The state should close loopholes that allow teachers who have not met licensure requirements to continue teaching. This goal was reorganized in 2021.
Emergency License(s) Availability: North Dakota offers the Alternative Access License and the Out-of-Field Endorsement. The Alternative Access License is issued in areas where there is a documented shortage of regularly licensed teachers. The applicant must have a bachelor's degree in the content area to be assigned and a plan to complete licensure requirements within three years.
North Dakota now offers an Out-of-Field Endorsement to already licensed teachers to be able to teach out-of-field. This endorsement is not available to teach special education or preK-K.
Emergency License Validity Period: North Dakota's Alternative Access License can be renewed annually, up to three times. Renewal depends on supply and demand of certificated teachers available for these positions and whether the applicant demonstrates completion of one-third of the licensure requirements. Additionally, someone teaching on an initial alternative license may be issued a second alternative access license if they have "attempted the content-specific test three times during the initial alternative access license period. If the applicant has attempted the Praxis II content-specific test an additional two times during the second alternative access license and provides documentation, during the third year following the applicant's receipt of the initial alternative access license the applicant will be issued an initial license..."
The Out-of-Field Endorsement is valid for one year, and may be renewed once, provided the applicable content test is passed during the second year.
COVID-19 State Policy: North Dakota has not implemented any changes to its rules regarding Provisional and Emergency Licensure. COVID-19 policies do not affect the state's grade in Provisional and Emergency Licensure.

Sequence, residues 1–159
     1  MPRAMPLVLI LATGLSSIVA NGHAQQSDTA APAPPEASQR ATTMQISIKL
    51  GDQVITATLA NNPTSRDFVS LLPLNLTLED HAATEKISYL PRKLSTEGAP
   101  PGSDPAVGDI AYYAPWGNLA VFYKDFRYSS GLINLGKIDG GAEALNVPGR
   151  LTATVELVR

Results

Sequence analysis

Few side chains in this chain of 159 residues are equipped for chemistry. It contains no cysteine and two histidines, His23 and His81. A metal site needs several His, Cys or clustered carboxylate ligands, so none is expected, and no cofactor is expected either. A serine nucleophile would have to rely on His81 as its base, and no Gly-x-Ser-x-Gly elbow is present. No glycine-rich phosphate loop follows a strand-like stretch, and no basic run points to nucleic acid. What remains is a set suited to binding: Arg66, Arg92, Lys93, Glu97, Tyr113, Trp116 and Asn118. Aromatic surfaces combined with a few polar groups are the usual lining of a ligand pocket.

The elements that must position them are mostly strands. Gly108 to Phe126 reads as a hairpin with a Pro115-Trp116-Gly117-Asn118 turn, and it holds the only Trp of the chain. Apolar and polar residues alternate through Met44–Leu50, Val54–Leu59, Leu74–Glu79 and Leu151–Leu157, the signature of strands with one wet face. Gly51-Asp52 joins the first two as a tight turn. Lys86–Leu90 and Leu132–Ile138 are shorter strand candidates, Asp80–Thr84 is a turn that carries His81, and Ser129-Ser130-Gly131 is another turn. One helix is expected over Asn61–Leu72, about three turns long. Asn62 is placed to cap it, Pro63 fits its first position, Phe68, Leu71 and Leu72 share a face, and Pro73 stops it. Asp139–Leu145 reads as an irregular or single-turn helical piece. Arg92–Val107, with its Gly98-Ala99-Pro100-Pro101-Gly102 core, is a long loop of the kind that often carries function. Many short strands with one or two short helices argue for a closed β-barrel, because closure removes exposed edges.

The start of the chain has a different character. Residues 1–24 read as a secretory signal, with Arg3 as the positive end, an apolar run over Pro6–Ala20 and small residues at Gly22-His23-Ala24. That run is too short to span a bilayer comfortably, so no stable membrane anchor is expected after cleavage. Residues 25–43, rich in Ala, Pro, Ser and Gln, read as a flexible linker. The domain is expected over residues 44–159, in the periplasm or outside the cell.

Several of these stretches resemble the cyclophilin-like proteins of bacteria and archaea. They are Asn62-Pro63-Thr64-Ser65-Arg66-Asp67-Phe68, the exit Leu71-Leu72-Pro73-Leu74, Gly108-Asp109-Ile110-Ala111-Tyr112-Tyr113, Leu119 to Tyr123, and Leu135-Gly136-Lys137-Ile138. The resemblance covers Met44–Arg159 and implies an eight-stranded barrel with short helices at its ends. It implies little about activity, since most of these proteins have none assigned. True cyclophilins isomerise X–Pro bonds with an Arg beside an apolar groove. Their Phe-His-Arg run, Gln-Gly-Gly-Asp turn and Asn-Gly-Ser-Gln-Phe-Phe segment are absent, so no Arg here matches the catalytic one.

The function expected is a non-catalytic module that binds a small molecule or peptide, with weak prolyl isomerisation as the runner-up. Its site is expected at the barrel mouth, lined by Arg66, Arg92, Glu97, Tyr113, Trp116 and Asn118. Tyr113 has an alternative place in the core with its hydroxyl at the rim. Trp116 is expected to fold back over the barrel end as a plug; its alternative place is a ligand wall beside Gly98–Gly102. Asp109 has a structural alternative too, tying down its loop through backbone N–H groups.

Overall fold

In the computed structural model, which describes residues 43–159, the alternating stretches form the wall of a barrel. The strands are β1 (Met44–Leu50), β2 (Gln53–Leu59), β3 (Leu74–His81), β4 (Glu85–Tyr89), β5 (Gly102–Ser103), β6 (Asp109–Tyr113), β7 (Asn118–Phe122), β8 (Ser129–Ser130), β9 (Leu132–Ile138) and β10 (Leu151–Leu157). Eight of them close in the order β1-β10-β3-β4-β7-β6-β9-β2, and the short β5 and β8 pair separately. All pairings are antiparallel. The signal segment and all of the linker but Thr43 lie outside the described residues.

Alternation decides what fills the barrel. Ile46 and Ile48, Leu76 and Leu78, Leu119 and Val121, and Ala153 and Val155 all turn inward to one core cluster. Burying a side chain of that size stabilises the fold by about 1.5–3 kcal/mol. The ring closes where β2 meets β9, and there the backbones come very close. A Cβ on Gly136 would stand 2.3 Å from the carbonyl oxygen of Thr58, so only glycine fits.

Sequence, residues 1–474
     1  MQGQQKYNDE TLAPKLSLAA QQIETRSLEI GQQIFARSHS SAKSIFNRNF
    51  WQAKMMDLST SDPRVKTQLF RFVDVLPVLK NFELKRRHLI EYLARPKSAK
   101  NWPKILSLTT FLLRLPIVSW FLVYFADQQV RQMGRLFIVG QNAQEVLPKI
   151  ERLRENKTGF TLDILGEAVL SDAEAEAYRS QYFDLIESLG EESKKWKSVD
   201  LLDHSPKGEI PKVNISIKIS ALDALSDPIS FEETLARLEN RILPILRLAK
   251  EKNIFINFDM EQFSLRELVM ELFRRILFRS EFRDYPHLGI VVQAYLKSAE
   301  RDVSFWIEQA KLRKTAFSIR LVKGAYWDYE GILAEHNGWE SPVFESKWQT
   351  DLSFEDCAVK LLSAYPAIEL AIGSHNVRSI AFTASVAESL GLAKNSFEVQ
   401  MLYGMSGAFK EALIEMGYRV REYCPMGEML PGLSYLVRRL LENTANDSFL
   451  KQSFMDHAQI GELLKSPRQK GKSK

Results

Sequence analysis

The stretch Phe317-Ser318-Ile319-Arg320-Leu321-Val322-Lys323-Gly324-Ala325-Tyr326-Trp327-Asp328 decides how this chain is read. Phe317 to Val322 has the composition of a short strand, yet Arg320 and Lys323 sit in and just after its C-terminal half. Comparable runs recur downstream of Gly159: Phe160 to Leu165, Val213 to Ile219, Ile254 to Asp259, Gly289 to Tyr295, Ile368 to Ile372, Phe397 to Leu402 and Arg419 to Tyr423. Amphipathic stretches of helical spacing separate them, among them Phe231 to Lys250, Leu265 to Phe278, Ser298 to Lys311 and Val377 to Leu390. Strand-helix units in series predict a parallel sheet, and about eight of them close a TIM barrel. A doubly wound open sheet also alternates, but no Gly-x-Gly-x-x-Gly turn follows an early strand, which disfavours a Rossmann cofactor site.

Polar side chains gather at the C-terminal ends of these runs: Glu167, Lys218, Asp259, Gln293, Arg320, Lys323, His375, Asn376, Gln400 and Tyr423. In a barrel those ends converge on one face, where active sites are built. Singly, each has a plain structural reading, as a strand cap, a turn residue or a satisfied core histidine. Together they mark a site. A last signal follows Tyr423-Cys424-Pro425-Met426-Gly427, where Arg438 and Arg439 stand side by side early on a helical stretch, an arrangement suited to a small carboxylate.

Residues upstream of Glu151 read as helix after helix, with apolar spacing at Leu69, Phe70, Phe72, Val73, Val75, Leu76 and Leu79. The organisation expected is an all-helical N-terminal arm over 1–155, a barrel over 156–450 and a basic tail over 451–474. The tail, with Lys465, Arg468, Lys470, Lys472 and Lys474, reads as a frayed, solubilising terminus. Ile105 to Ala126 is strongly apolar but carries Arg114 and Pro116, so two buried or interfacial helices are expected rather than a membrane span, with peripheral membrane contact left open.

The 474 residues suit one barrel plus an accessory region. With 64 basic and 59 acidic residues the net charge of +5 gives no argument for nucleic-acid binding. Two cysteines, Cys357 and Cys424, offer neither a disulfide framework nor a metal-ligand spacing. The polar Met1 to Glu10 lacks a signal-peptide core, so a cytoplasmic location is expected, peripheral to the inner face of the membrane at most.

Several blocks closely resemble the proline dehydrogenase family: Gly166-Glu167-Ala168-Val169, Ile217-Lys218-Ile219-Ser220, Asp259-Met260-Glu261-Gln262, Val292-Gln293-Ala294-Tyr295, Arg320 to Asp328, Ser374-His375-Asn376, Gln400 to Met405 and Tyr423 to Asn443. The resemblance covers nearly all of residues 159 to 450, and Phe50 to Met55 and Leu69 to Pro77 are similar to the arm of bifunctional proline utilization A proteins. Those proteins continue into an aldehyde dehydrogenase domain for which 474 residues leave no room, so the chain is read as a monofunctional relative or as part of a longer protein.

Requirements for Out-of-State Teachers: Because licensure requirements for out-of-state teachers are scored in Requirements for Out-of-State Teachers, only the state's policies regarding emergency/provisional license(s) are considered as part of this goal.
Ensure that all teachers pass required subject-matter licensing tests before they enter the classroom.
All students are entitled to teachers who know the subject matter they are teaching. Permitting individuals who have not yet passed state licensing tests to teach neglects the needs of students, because it enables adults who may not be able to meet minimal state standards to earn teaching licenses. North Dakota should ensure that all teachers are required to pass licensing tests — an important minimum benchmark for entering the profession —before entering the classroom as the teacher of record.
Limit exceptions to one year.
Although suboptimal, there may be limited and exceptional circumstances under which conditional or emergency licenses are necessary. In these instances, it is reasonable for a state to give teachers up to one year to pass required licensing tests. North Dakota's current policy puts students at risk by allowing teachers to teach on emergency certificates for three years without passing required subject-matter licensing tests.
North Dakota recognized the factual accuracy of this analysis.
6B: Provisional and Emergency Licensure
Teachers who have not passed content licensing tests place students at risk. While states may need a regulatory basis for filling classroom positions with a few people who do not hold full teaching credentials, many of the regulations permitting this put the instructional needs of children at risk, often year after year. For example, schools can make liberal use of provisional certificates or waivers provided by the state if they fill classroom positions with instructors who have completed a teacher preparation program but have not passed their state licensing tests. These allowances are permitted for up to three years in some states. The unfortunate consequence is that students' needs are neglected in an effort to extend personal consideration to adults who cannot meet minimum state standards.
While some flexibility may be necessary because licensing tests are not always administered with the needed frequency, making provisional certificates and waivers available year after year could signal that the state does not put much value on its licensing standards or what they represent. States accordingly need to ensure that all persons given full charge of children's learning are required to pass the relevant licensing tests in their first year of teaching, ideally before they enter the classroom. Licensing tests are an important minimum benchmark in the profession, and states that allow teachers to postpone passing these tests are abandoning one of the basic responsibilities of licensure.